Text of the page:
INTELLECTUAL PROPERTY PORTFOLIO MANAGEMENT: How to Protect and Leverage Your IP Assets and Brands

INTELLECTUAL PROPERTY PORTFOLIO MANAGEMENT How to Protect and Leverage Your IP Assets and Brands by Olisa Agbakoba Legal OAL

Intellectual property (IP) is a fundamental asset of any business irrespective of the sector. It is essential to protect your corporate intellectual property in order to retain a competitive edge and remain visible in your industry. Trademarks, patents, and copyrights are different means to protect your intellectual property. This article, Intellectual Property Portfolio Management will cover how you can also use Intellectual Property to leverage your assets and brands.


What is intellectual property?

Intellectual property refers to the intellectual creation of a person, such as literary and artistic works, inventions, names, symbols, designs, and images. There are four main types of IP: patents, trademarks, copyrights, and trade secrets. Each type of IP has its own set of rules and regulations. For example, patents are granted by the government and give inventors the right to exclude others from making, using, or selling their inventions for a certain period of time. Trademarks are used to distinguish a company’s products or services from those of its competitors and can be valid for an unlimited period of time. Copyrights protect creative works, such as books, music, and artwork, and typically last for the life of the author, while Trade secrets protect the confidential information of a business. 


Ways to protect your intellectual property?

Intellectual property (IP) is one of the most valuable intangible assets a company owns. Here are some pointers on ways in which you can protect your intellectual property.


  • Patents

Patenting one’s intellectual property is a way to protect a creator’s or inventor’s IP assets. Patents are typically used to register inventions which are unique and unknown to the general public as well as the methods by which they function. To obtain a patent, technical information about the invention must be made public via a patent application.


  • Trademarks

Another way to protect a creator’s IP asset is the use of trademarks. A trademark is a word, phrase, symbol, or design that indicates the origin of the goods or services it represents. It can be used to keep an idea or product from being copied and thus increase its marketability. Marks must be distinct enough to distinguish one’s products from those of others and should not cause consumer confusion about their origin.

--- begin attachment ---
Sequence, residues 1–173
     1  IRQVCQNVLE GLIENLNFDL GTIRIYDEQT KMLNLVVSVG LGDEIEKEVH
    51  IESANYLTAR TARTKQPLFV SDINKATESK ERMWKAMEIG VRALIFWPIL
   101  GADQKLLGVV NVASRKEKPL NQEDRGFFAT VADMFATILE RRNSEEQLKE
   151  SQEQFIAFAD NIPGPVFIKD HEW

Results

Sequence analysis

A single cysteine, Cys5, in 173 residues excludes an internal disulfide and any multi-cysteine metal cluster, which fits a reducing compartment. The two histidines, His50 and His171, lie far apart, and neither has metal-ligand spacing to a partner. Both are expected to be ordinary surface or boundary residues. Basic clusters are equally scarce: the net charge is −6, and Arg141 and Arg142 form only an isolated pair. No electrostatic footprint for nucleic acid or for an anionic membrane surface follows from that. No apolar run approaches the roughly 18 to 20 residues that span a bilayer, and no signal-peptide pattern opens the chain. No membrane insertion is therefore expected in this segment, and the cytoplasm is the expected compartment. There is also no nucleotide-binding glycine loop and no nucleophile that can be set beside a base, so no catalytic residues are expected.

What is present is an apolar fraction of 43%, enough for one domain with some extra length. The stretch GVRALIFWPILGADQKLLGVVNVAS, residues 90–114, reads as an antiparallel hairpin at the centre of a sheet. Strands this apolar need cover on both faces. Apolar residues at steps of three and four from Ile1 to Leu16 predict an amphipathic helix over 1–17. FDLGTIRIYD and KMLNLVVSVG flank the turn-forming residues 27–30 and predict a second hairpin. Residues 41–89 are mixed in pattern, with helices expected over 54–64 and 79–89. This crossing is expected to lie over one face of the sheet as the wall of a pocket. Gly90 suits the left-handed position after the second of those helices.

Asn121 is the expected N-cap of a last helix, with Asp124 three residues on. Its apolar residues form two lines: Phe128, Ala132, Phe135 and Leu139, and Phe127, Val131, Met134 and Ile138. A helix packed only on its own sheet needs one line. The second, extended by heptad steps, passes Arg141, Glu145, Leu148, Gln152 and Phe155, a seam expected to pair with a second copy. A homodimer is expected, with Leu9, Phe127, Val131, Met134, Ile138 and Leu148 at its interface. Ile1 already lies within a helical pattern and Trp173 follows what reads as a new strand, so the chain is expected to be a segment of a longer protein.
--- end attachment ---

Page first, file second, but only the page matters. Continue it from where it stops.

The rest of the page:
• Copyrights

Copyright is a type of intellectual property that protects original works of authorship once they are fixed in a tangible form of expression. Paintings, photographs, illustrations, musical compositions, sound recordings, computer programs, books, poems, blog posts, movies, architectural works, plays, and many other types of works can all be copyrighted.


  • Trade secret

Trade secrets are a form of intellectual property (IP) rights which restricts how confidential information is restricted to the general public i.e.  In general, for information to qualify as a trade secret, it must be:

  1. commercially valuable due to its secrecy,
  2. be known only to a small group of people, and
  3. be subject to the rightful holder of the information taking reasonable steps to keep it secret, including the use of confidentiality agreements for business partners and employees.

Unauthorised acquisition, use, or disclosure of such secret information by others in a manner inconsistent with honest commercial practices is considered an unfair practice and a violation of trade secret protection.


  1. Industrial Design

An industrial design may include three-dimensional elements, such as an article’s shape, or two-dimensional elements, such as patterns, lines, or colour. The owner of a registered industrial design or a design patent has the right to prevent third parties from making, selling, or importing articles bearing or embodying a design that is a copy, or substantially a copy, of the protected design, when such acts are performed for commercial purposes.

Benefits of Protecting your Intellectual Property

The protection of intellectual property (IP) is important for the growth of innovation. It encourages innovation and can provide substantial benefits to organisations, companies, businesses, employees, and inventors. Below are some listed benefits of protecting your intellectual property assets and brands:

  1. Protecting your IP offers you exclusive use.